Japanese seems to exist in a language family of its own, although some linguists believe it may be related to Korean and Turkish. It is spoken as a mother-tongue by the 130 million people in Japan and by expatriates across the world.
There are very significant differences between Japanese and English, particularly in sentence structure, which make it hard for most Japanese ESL students to acquire English at the same rate as, for example, their German or Swedish peers.
The Japanese writing system is complex. It uses three main scripts: Kanji (characters of Chinese origin), Hiragana (a syllabary) and Katakana (a syllabary). Modern Japanese also uses the Latin script in advertising, or for company names and neologisms such as DVD.
Traditionally, Japanese is written and printed in columns from top to bottom and from right to left. Books start 'at the back'. Modern Japanese is written or printed in the same order of words on the page as English.
Despite these differences, Japanese learners of English rarely have particular difficulties with English writing. Latin script (and English in particular) is encountered by most Japanese in their everyday life from an early age. It is also commonly used in romaji (the representation of the entire Japanese writing system in Latin script, used for example for computer keyboard input or to help non-native speakers learn the language).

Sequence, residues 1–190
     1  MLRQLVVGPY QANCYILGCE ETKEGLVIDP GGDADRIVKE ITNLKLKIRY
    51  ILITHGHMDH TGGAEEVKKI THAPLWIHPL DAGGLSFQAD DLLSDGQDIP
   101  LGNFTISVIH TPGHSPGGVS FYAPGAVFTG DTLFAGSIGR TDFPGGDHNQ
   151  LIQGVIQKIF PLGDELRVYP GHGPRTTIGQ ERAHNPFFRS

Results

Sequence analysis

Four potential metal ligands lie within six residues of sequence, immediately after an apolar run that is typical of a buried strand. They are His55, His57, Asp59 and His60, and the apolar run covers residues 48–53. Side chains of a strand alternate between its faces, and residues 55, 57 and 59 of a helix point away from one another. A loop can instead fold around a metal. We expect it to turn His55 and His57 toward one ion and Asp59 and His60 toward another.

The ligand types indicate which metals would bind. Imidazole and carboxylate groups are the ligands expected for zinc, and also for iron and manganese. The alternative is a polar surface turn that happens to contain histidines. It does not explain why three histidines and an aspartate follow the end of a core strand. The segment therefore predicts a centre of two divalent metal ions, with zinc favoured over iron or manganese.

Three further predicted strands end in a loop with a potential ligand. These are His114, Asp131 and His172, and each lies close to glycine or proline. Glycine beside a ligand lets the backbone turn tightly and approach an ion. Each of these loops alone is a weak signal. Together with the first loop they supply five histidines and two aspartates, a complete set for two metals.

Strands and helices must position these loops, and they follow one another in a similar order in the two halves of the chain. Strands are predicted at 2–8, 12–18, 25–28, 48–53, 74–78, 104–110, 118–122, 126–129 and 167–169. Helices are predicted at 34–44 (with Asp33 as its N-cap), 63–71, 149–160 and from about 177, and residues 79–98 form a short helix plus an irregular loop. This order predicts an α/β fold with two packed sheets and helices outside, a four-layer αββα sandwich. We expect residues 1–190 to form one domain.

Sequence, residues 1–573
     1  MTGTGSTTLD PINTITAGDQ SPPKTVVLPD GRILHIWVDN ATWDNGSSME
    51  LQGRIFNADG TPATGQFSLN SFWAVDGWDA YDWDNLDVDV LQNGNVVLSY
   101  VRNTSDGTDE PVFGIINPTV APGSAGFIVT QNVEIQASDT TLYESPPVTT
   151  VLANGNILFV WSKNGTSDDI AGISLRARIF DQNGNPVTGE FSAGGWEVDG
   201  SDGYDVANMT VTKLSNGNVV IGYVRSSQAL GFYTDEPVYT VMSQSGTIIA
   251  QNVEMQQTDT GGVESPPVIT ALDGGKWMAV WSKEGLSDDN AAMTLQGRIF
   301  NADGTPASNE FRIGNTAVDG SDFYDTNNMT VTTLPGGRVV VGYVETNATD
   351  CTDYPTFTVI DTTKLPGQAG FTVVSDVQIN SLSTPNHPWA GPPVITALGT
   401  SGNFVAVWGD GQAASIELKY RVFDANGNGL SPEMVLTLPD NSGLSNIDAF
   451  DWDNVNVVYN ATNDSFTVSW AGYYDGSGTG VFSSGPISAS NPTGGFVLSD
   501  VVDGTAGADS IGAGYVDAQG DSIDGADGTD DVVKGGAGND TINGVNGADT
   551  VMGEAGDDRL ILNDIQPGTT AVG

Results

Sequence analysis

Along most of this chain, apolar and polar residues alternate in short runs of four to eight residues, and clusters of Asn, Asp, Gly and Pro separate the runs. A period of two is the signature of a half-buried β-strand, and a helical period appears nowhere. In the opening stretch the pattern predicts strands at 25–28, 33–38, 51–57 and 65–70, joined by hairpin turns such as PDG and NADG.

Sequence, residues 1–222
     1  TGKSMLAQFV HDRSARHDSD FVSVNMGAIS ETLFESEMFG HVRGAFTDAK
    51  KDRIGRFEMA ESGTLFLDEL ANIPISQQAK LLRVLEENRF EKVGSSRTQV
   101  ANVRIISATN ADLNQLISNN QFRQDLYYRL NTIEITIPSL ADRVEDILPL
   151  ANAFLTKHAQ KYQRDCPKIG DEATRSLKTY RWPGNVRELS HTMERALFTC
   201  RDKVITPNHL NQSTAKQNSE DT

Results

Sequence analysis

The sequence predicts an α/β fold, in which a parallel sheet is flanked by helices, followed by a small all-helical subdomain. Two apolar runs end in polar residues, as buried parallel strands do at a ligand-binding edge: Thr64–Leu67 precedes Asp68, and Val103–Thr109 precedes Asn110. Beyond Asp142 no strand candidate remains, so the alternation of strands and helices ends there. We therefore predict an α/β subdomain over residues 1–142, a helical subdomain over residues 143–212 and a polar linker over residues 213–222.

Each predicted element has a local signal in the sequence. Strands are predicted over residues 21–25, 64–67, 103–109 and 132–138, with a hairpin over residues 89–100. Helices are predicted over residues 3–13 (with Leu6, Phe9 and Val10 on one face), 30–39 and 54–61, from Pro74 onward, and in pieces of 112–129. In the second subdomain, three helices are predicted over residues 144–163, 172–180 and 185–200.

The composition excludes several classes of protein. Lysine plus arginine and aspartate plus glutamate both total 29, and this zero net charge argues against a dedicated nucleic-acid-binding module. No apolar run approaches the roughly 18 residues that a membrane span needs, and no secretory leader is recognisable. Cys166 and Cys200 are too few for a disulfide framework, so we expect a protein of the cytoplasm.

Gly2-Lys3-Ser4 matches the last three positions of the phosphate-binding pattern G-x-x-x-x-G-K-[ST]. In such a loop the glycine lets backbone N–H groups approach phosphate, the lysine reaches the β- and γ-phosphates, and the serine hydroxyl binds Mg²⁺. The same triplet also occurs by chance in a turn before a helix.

Japanese has 5, pure vowel sounds that may be short or long. The syllable structure is simple, generally with the vowel sound preceded by one of approximately 15 consonant sounds. There are few complex consonant sound combinations such as in the English words strength or Christmas. As a result of these differences Japanese ESL students find English hard to pronounce, often insert short vowels between the consonants (ste-rength. Japanese learners of English may even have difficulty in correctly perceiving what they hear.
Specific problems with English vowel sounds include the failure to accurately render the dipthong in words such as caught/coat or bought/boat or the different vowel sound in minimal pairs such as hat/hut. The most noticeable problem rendering English consonants is seen in the inability of many learners to differentiate between the /l/ and the /r/ sounds. Words such as lot/rot or glimmer/glimmer are impossible for some of them to pronounce correctly. Unsurprisingly, Japanese learners also struggle with struggle with the (/θ/ /ð/) sounds, such as in the words month, thirteenth and clothes. The /v/ sound is also difficult for some, who say berry instead of very or ban instead of van.
The intonation patterns of Japanese and English do not have many features in common. Some of the meaning that the English native speaker conveys by stress and/or a change of pitch is differently expressed in Japanese (for example, by adverbials). Learners often benefit from explicit instruction and practice in these areas. In general, however, those learners who have had significant exposure to English and have become competent in it often acquire much more natural English prosody than, for example, Spanish or French with comparable levels of English proficiency.